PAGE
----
Connect with us

General

Never mind about the $1.1 billion Disney just spent on its DCA redo. Why For isn’t anyone talking about the billions Mickey has poured into WDW over the past 3-to-5 years?

Published

on

Brian K. dropped me a line on September 3rd to say:

Hey Jim!

I can't get enough of your site and I literally feel like I
"grew up" reading your insight into the parks and attractions, so
thanks! I feel like I already know the answer to this, but do you think we
might ever see a major investment in Walt Disney World's four parks? I know
none are near as fundamentally flawed as DCA was, but what about an announced
"five year plan" for the resort, divvying another $1 billion between
the four parks over the course of a half-decade? Indiana Jones at the Magic
Kingdom
; elements of Project: Gemini in Epcot; Cars Land at the Studios;
whatever big project (in my opinion, Beastly Kingdom) or an all-encompassing
World of Color fountain show in Discovery River at Animal Kingdom… With an
arguably "better" place to start than DCA had, even $250 million per
park could do wonders at WDW, and even just one major E-ticket per park could
really enliven things. If marketing plays it right, it could be an exciting
promotion.


Concept art for Disney's Animal Kingdom's never-built Beastlie Kingomme area.
Copyright Disney Enterprises, Inc. All rights reserved

Keep it up, and thanks!

Brian K.

Thanks for the kind words, but … When you talk about The
Walt Disney Company making a major investment in WDW, you do understand that —
were you take a step back and take a cold-blooded look at what's been going on in
Lake Buena Vista  over the past 3-to-5
years — you'd see that the Mouse have already made / is making a DCA-sized
investment in The Walt Disney World Resort.


The original concept art of the Fantasyland expansion at WDW's Magic Kingdom theme
park (Please note the massive Cinderella / Sleeping meet-n-greet show building at the
very center of this image as well as the never-built Pixie Hollow area in the upper
right hand corner). Copyright Disney Enterprises, Inc. All rights reserved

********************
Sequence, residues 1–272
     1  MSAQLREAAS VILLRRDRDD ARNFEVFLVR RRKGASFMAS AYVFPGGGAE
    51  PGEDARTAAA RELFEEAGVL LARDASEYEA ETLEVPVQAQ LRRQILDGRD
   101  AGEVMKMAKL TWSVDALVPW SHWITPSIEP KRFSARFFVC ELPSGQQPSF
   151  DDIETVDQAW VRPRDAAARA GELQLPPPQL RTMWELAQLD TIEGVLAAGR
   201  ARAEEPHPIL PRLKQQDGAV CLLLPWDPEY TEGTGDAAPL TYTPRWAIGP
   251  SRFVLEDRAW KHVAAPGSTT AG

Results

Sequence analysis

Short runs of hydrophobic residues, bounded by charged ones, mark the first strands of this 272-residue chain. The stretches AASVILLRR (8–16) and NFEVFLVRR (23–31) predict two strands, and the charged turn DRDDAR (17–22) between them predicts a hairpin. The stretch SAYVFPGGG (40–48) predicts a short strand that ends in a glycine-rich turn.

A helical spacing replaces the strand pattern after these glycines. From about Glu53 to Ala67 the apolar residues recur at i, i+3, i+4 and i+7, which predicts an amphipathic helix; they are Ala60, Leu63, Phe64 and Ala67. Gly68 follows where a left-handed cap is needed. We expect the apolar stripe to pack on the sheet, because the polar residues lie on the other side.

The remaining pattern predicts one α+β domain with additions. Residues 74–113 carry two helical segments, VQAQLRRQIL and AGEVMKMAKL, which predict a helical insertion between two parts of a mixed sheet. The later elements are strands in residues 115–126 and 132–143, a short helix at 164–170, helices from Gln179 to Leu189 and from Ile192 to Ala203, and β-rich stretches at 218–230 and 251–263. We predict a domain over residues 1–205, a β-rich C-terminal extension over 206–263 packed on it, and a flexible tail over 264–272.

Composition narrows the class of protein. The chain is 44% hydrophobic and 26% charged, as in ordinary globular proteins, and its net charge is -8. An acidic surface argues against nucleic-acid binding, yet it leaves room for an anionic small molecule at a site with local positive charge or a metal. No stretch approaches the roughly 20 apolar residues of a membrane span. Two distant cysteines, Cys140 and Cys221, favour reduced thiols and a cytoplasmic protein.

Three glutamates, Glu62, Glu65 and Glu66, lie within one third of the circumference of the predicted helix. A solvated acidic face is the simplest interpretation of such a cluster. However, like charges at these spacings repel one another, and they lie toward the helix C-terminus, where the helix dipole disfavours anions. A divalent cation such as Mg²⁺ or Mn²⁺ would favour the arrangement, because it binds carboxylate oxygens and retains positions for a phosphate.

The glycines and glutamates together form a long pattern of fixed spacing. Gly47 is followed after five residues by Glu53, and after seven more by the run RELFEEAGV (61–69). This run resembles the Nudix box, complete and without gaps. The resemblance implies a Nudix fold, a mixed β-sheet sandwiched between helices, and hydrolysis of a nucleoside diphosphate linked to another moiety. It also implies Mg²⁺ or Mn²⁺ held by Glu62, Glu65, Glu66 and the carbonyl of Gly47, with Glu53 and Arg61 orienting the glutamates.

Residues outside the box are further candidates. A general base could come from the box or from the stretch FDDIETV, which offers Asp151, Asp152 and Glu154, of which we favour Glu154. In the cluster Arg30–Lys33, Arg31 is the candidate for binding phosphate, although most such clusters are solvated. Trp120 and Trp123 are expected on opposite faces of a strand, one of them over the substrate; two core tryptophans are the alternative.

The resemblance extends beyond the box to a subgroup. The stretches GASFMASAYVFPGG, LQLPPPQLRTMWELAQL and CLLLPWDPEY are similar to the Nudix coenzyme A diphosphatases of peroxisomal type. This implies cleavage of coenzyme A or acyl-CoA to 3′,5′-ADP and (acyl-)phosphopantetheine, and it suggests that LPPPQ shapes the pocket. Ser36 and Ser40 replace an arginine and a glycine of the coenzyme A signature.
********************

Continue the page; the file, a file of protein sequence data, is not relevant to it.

I mean, seriously, Brian K. Think about it: The Fantasyland
expansion
project? Depending on who you talk to, that's $380 – $400 million
right there (I'm told that the $250 – $300 million ceiling that had originally
been set on this project got blown through once Tom Staggs, the newly installed
Chairman of Walt Disney Parks & Resorts decided to swap those elaborately
themed Cinderella & Sleeping Beauty meet-and-greet areas out for a Seven
Dwarfs Mine Train ride). Now fold in all of the design & construction costs
associated with taking that never-finished wing of Disney's Pop Century hotel
and then turning that abandoned  worksite
into the highly themed Disney's Art of Animation Resort PLUS those Villas at
Disney's Grand Floridian Resort & Spa that DVC is building right now. Then  factor in
the cost of all of the road widening that's 
been going on lately along Buena Vista Drive between DHS's back entrance
and Victory Way, the Golden Oak at Walt Disney World Resort project, the reimagining of Test
Track
, that new "Phineas and Ferb & You: A Brand New Reality" at
Downtown Disney, the revamp of the Magic Kingdom's "The Magic, the
Memories and You!" show
, the costs involved with developing those
"Sorcerers of the Magic Kingdom" & "Agent P's World Showcase
Adventure
" games  … and we're now
up to  a billion dollars worth of additions
being added / improvements being made at  The Walt Disney World Resort without even
breaking a sweat.

And then when you consider all of the time, money and
research that the Company has already poured into WDW's  Fast Plus Pass project (which — FYI — begins
its second round of onsite field testing at the Magic Kingdom later this month)
… Well, that's another $100 million plus right there. And should these tests
go well and The Walt Disney Company then opt to go forward with full-blown implementation
of its NextGen program for  the Walt
Disney World Resort  … Between all of the
actual physical changes which the Imagineers will need to make in & around
this 43-square mile piece of property  (EX:
Doing things like changing the Rose Gardens off the Hub at the Magic Kingdom
into a gated fireworks viewing area. Not to mention significantly upgrading the
WDW Resort's overall wireless capabilities so that it can then actually support